Applause for the conductor – even if it is Andris Nelsons – is just about the last thing we need to hear when Richard Strauss is about to fling down the brutal chords which spell out the name of Agamemnon. Surely the start of Elektra is now one of those occasions where we must set aside operatic conventions and plunge directly into the darkness of the action. All is not well in the House of Atreus and as serving maids remorselessly scrub blood from the forecourt of the palace at Mycenae the detritus of decay is everywhere – not least in Strauss’ orchestra. Forget the shadowy figure of Elektra for a moment, this is an orchestra on the verge of a nervous breakdown and Nelsons direction, in this second revival of Charles Edwards’ 2003 staging, is pitilessly full-on.
On the decibel counter it doesn’t get much louder than this, folks, but the bludgeoning effect of its most violent upheavals is brilliantly offset by Nelsons’ skill at eviscerating the score, so to speak, and revealing the maggoty activity of its innards. It is always astonishingly transparent. Bass woodwinds worm and squirm their way through the texture, string basses grunt and shudder, upper strings are the lashes of the overseer’s whip, and the bass tuba stares into the darkness of Elektra’s despair. It is a tribute to Nelsons’ stark exposition of the score that those rare moments of tenderness, most often cello-led, stand out from the overriding decomposition of the piece. “Can one live while decaying from within?”, asks Klytämnestra in her big scene with Elektra. The answer is entirely in Strauss‘ orchestra and in that Nelsons is wholly, unsettlingly, uncompromising.
So, too, is his Elektra, the American soprano Christine Goerke whose great invocation to her father revealed her big and unfathomably dark sound for the first time. The girth of the voice was hugely imposing at that early stage of the evening and she nailed just about everything in the monster scena, whacking out the top C like she had a bunch of those in reserve. Very exciting. She’s a good actress, too, with expressive eyes and a way of expressing vulnerability that has nothing to do with posturing. But had she oversung the dress rehearsal (by all accounts sensational)? Was she always singing within herself – as far as is possible in this role? Was she pushing too much? I’m not sure. All I know is that one was conscious of the vocal stress in a way that I was not with the Elektra of the last revival, Susan Bullock. For sure, her conductor, Mark Elder, was far more forgiving than Nelsons but with far less voice (in terms of size) one felt that she could go on singing the role with impunity. When Goerke reached the Recognition Scene with Iain Paterson’s noble and impassioned Orest the soft, high, singing required was eluding her and for all her compassion one felt that she was pretty much sung out. I guess what I am saying is that all roads lead to that scene and that’s where we really see Elektra and feel her heartache. It has to be the best and most tender singing of the evening.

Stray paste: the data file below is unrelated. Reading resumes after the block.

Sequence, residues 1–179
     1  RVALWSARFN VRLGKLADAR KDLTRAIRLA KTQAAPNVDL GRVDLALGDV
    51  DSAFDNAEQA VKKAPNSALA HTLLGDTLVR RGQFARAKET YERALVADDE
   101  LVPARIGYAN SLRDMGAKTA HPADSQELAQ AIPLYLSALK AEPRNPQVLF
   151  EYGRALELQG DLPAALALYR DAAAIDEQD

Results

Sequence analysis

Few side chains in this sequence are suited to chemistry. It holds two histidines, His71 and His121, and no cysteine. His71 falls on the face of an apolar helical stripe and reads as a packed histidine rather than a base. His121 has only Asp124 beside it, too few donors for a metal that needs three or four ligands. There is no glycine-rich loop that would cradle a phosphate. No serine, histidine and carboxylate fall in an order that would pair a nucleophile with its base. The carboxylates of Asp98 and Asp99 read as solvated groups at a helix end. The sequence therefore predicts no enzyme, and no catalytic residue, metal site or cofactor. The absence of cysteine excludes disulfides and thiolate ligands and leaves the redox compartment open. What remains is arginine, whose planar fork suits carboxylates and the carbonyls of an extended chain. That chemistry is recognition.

But what a connoisseur’s cast the Royal Opera had fielded here. The top line of the evening soared through Adrianne Pieczonka’s thrilling Chrysothemis, her paean to womanhood and motherhood going straight from the heart to the heart. Here was a woman desperately clinging on to the last vestiges of self-respect in a way that made the final scene all the more overwhelming. And how rare that moment of softness between her and her sister when, earlier in the evening, they are briefly united in their love for the absent Orest.
Indeed Pieczonka looked like the softer side of her mother – the imperious Michaela Schuster – whose haunted silent movie vamp was all the more chilling for its restraint. This was far from the parody of Klytämnestra we have so often seen in the past but a performance of great subtlety and lieder-like clarity of text.
John Daszak’s Ägisth bodes well for his first complete Siegfried to come (Geneva) and how well Nelsons laid on the Rosenkavalier-like mockery of his imminent demise with the centrepiece of Charles Edwards‘ design coming into its own with wicked, comical, irony – a revolving door to the abattoir. At the close it’s like Götterdämmerung all over again but this time it’s the redemption of revenge not love.